No circuit filter on the day of listing helps operators to push up prices.
A large number of penny stocks, which were suspended from trading by the Bombay Stock Exchange (BSE) due to non-compliance with the listing agreement and other issues, are rushing to get their stocks relisted. The recent spike in the market has encouraged them to opt for this.
In the past three months, when the stock market was on an upswing, 16 small companies relisted their stocks. And the promoters’ move paid off
For instance, Rajasthan-based mining and minerals company Pacific Industries’ share price was up 2,757 per cent on May 25, when it relisted after a period of six years. The volume generated was only 132 shares on that particular day.
Similarly, the share price of Ahmedabad-based chemical company Shri Chlochem rose 2,400 per cent on a measly volume of 100 shares on the first day when company was relisted after eight years.
Other stocks, which saw an abnormal price rise were food processing firm Madhur Industries (830 per cent), textile firm Binny (755 per cent), entertainment company Quantum Digital (701 per cent) and Pithampur Steel (664 per cent).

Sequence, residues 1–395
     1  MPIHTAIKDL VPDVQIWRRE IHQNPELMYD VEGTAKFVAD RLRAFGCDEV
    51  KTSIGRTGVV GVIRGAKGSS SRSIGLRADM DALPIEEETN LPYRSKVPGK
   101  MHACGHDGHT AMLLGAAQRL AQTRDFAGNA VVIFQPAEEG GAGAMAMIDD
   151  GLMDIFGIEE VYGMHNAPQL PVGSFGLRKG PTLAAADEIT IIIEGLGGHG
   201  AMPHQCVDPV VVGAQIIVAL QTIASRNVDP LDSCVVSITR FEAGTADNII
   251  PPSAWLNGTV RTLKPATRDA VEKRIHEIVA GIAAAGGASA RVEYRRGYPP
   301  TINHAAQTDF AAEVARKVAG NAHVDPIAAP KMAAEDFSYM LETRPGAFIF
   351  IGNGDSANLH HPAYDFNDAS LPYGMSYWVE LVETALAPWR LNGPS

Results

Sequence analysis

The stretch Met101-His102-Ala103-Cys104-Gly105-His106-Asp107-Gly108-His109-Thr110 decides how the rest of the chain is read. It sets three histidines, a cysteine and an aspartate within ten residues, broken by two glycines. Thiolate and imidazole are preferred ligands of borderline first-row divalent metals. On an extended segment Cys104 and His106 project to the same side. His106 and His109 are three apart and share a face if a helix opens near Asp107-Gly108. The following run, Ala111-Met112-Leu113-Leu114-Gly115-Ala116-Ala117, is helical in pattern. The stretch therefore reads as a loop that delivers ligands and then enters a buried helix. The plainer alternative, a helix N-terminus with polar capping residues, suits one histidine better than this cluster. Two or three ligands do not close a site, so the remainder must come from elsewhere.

Market experts said that this sharp spike was due to the fact that there was no circuit filter on the stocks on the day of their relistings. Hence, market operators were able to jack up the prices with small volumes.
However, penny stocks weren’t the only ones affected. On June 16, the share price of Ajmera Realty & Infra India, a mid-cap stock, rose 253 per cent on BSE within a few hours of trading. The stock was suspended at Rs 47 in May this year as a demerger of its business was in the offing. On the first two days of listing, the price of the stock zoomed to Rs 200. In the next three trading sessions, the stock price fell 32 per cent.
The issue of massive price rise in penny stocks that relist at a huge premium is not new to BSE. The exchange had come under criticism after two penny stocks KGN Industries and Sylph Technologies rose nearly 1 lakh per cent in a single trading day on re-listing.
Market experts said these stocks were largely operator-driven. Many investors get lured by the sharp rise and then get stuck because trading in these stocks get suspended for long periods.
Almost 1,500 stocks have been suspended by the exchange in the last few years. In order to counter this menace, BSE had issued a public notice a couple of years ago proposing to delist over 650 companies from its official records because trading in these securities had been under suspension for three years or more. The move, however, was stalled by investor activists.
Recently, six such companies were suspended by the exchange due to issues related to non-compliance.